After looking at Disney’s Animal Kingdom, we then take a deep dive into the resorts of Walt Disney World, with Disney Legend Wing Chao, Portfolio Creative Executive of Global Resort Design Bhavna Mistry, Executive Project Manager Michael Davie and Executive Architect David Stofcik sharing the evolution of over two dozen resorts on property. According to the group, of those resorts, how many tie back to the two original hotels of Walt Disney World? If you guessed all of them, you’d be right.
While it usually just came down to the idea of “this can’t just be a big box.” and had to maintain that exceptional architectural flair and brand of storytelling that make Disney resorts stand out, every resort connects back to Disney’s Contemporary Resort, and Disney’s Polynesian Village Resort. In fact, most of the designers point to Disney’s Contemporary Resort as the inspiration for their careers, citing the iconic moment when they first saw a monorail glide through the building, or stepping onto the hotel’s Grand Canyon Concourse and being in awe.
In regards to storytelling, the group mentions the expansion of Disney’s Coronado Springs Resort, and how the easiest idea would be to do something with The Three Caballeros, but further research led them to a more subtle, classy, and beautiful idea when they discovered Walt Disney’s collaboration with Salvador Dali, called Destino, which allowed them to borrow the look and the style of the film in an elegant way, but keep the Disney flair and touches. This also led to the naming of the new building at Disney’s Coronado Springs Resort the “Gran Destino Tower.” A different expansion at Disney’s Wilderness Lodge was a little less subtle, but still elegant in its own way, with the new Copper Creek Cabins (part of Disney’s Vacation Club) sporting touches borrowed from the Walt Disney Animation Studios feature, Brother Bear.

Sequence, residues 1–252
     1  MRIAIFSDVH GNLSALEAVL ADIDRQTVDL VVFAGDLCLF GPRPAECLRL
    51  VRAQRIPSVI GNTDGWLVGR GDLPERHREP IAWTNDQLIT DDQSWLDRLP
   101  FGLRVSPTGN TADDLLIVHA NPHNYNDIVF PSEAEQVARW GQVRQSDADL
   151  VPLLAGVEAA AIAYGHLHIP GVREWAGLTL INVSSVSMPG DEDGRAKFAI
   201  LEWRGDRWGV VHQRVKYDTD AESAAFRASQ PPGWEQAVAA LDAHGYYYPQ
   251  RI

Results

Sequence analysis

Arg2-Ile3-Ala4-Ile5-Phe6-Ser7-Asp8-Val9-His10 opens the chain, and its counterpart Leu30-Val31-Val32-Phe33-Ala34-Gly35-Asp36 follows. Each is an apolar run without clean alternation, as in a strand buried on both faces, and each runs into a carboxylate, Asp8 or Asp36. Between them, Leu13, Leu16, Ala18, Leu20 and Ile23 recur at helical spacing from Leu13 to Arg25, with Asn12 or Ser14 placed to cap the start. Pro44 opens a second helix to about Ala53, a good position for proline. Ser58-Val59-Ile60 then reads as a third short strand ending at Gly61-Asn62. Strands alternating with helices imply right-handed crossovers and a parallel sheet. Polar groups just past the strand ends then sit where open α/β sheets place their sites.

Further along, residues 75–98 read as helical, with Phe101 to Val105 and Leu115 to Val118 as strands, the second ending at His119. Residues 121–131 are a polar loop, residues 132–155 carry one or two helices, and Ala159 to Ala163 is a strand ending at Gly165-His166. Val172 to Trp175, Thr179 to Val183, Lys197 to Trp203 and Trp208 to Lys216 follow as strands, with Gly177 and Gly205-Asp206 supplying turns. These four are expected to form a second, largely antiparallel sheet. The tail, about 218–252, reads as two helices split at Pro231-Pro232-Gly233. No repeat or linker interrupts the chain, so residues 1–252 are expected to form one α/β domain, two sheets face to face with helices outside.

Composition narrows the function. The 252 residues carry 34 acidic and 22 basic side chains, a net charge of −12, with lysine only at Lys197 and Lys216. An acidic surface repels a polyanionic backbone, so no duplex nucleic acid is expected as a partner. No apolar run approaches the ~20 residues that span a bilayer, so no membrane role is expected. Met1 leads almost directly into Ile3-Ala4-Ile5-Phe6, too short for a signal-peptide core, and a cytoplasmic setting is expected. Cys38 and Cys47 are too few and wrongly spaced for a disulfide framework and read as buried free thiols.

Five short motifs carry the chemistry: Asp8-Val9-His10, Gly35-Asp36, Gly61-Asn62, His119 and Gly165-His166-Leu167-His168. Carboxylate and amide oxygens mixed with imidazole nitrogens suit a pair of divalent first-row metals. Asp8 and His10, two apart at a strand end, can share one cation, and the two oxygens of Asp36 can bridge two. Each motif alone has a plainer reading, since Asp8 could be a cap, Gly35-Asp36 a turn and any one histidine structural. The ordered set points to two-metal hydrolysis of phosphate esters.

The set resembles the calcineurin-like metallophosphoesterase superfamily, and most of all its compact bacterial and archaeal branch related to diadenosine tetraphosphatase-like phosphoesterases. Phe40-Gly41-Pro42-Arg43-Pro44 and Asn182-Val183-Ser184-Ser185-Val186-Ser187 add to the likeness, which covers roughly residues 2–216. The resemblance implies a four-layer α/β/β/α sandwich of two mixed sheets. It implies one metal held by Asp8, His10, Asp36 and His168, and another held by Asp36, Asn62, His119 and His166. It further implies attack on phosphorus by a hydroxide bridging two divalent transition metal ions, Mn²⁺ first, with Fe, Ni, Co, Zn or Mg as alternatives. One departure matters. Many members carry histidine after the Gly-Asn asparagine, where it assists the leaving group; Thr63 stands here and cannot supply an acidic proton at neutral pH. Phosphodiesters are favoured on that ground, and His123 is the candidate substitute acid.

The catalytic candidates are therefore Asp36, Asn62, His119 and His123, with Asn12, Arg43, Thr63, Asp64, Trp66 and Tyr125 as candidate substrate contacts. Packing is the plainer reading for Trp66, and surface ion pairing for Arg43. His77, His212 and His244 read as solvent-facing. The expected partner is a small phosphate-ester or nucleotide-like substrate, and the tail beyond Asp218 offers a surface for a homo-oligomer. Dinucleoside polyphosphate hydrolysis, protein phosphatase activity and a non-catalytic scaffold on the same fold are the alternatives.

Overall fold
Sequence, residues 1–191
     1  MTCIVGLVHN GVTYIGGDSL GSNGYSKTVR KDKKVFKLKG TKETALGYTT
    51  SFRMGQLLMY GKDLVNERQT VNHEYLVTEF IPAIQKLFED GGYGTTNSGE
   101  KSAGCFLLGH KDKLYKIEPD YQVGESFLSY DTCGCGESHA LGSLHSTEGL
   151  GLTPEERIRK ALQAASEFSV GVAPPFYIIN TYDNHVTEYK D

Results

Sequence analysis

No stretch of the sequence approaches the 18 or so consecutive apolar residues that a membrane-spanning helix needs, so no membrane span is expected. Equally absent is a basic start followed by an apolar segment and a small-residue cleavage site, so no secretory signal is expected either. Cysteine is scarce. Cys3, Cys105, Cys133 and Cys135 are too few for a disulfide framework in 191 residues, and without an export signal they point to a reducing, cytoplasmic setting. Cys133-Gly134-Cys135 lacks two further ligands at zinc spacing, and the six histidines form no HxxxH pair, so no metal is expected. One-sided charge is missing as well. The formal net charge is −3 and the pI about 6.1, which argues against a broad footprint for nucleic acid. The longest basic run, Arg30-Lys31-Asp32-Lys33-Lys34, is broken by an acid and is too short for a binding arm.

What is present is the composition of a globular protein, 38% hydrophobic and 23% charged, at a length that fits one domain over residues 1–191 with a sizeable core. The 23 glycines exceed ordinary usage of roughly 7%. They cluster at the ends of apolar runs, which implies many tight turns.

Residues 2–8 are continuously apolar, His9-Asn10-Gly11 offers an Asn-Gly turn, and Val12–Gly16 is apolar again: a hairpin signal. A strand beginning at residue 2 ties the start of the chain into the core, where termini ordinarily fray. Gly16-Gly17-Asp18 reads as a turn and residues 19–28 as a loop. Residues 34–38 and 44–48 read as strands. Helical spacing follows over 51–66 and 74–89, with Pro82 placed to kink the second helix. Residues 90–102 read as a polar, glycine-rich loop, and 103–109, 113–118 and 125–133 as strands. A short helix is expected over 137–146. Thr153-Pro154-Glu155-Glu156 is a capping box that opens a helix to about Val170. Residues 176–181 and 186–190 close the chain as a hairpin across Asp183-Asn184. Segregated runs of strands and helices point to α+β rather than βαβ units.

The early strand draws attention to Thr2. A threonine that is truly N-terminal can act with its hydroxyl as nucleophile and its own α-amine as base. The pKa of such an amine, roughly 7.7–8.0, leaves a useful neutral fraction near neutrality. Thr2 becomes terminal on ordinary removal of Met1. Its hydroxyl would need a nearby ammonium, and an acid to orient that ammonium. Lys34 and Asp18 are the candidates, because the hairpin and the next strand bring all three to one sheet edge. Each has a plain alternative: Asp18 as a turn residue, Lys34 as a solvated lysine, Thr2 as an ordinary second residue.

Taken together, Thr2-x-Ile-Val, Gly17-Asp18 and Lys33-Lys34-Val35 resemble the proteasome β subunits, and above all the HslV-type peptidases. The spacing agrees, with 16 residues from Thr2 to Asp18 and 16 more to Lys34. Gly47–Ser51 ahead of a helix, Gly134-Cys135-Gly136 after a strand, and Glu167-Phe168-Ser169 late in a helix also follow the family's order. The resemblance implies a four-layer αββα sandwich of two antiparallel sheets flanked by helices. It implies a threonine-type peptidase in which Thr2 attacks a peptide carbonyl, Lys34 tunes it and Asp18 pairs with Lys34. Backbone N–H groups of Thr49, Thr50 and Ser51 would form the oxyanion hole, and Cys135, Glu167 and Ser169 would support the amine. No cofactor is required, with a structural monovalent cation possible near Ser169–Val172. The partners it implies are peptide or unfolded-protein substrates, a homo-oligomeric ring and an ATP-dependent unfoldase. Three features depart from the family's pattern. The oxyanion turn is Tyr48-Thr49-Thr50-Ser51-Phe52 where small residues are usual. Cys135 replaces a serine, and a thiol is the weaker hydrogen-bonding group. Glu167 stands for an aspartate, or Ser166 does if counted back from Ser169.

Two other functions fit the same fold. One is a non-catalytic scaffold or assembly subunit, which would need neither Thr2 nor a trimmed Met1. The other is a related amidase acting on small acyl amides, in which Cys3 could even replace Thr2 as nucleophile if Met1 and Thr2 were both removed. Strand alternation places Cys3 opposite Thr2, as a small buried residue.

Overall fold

Aside from my love of the film Brother Bear (yes, I know I’m in the minority), this mention of the expansion at Disney’s Wilderness Lodge caught my attention as a park fan simply because they mentioned some reused props at the new Boulder Ridge pool area. Mine carts that decorate the area surrounding one of the hotel’s most popular amenities once had a previous life at Disney-MGM Studios’ Backlot Tour, where they could be found at the signature moment of that attraction, Catastrophe Canyon.
This Magical Moments virtual event celebrating 50 years of Walt Disney World is still available to D23 Gold Members, and can be found at D23.com.
Originally from California where he studied a dying artform (hand-drawn animation), Tony has spent most of his adult life in the theme parks of Orlando. When he’s not writing for LP, he’s usually watching and studying something animated or arguing about “the good ole’ days” at the parks.